“Then arose the famous murderer, or cutthroat, Robert Hood, as well as Little John, together with their accomplices from among the dispossessed, whom the foolish populace are so inordinately fond of celebrating both in tragedy and comedy, and about whom they are delighted to hear the jesters and minstrels sing about above all other ballads.”
— Entry for the year 1266 from the 1440s chronicle Scotichronicon by Walter Bower (cited in The History of English Podcast, Episode 136: The Real Robin Hood).
This chronicle was written is Latin, and the word used for “murderer, or cutthroat” was sicarius. [Hence the Spanish and Italian sicario, meaning “hitman”.] It was based on an earlier Scottish chronicle, which also noted that Robin Hood was popular with the masses, but wasn’t critical of that fact, it simply said the outlaw was deemed “good”.
As an aside, I am always endlessly amused when upstanding respectable folks complain in indignation that the masses find violent criminals cool. “Why would they do such a thing, it’s inexplicable!” Gee, I don’t know mate, but riddle me this first: why does the public like ANY stories of violence? Why does it root for warriors and knights and soldiers? Why does it relish tales of war, the most mindless and destructive mass violence humans ever got into? Why the hell are battles entertaining? You figure that out first, and THEN come ask why criminals are popular.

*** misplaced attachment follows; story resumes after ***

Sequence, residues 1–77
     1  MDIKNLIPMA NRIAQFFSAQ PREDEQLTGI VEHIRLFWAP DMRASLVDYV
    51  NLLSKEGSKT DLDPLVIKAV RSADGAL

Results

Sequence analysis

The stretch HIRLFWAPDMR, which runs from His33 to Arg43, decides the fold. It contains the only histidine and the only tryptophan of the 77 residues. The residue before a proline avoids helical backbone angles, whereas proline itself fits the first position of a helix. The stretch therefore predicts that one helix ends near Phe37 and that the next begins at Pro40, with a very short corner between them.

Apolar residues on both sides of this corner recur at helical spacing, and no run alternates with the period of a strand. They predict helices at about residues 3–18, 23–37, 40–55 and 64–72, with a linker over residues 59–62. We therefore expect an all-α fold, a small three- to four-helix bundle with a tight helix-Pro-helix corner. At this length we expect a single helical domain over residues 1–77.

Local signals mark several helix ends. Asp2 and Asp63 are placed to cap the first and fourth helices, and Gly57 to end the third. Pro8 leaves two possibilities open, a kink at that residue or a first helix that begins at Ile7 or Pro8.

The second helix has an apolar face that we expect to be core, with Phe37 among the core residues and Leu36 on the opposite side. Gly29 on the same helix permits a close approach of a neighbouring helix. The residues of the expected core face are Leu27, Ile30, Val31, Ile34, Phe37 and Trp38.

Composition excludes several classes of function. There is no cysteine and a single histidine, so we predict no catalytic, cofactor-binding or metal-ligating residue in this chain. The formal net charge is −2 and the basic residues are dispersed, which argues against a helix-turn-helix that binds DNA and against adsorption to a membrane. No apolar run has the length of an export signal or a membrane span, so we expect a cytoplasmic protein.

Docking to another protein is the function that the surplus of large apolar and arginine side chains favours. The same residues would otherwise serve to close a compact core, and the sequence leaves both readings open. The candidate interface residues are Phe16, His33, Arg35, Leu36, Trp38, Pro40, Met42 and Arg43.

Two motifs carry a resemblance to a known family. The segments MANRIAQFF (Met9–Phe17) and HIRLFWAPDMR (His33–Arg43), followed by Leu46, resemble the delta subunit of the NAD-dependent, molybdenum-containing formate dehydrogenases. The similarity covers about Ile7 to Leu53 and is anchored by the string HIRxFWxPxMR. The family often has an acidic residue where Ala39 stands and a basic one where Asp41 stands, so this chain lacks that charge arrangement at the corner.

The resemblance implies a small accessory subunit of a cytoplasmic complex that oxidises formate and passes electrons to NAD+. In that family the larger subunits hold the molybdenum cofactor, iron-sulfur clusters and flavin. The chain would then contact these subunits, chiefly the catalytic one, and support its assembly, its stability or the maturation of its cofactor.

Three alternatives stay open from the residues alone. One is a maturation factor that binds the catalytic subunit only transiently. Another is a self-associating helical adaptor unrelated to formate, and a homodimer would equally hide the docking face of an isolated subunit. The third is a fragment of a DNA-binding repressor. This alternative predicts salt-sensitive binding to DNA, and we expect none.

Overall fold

Until then, allow me to offer a morsel for thought: unlike killers in uniform, criminals get to decide for themselves who to to rob and who to kill and who to not. For example:
‘Master,’ then said Little John,
‘An we our board shall spread,
Tell us whither we shall go,
And what life we shall lead;
‘Where we shall take, where we shall leave,
Where we shall abide behind,
Where we shall rob, where we shall reave,
Where we shall beat and bind.’
‘Thereof no force,’ then said Robin;
‘We shall do well enow;
But look ye do no husband harm
That tilleth with his plough.
‘No more ye shall no good yeoman
That walketh by greenwood shaw;
Nor yet no knight nor no squire
That will be a good fellow.
‘These bishops and these archbishops,
Ye shall them beat and bind;
The High Sheriff of Nottingham,
Him hold ye in your mind.’
~ “A Little Geste of Robin Hood”, c. 1450, emphasis – gleefully – mine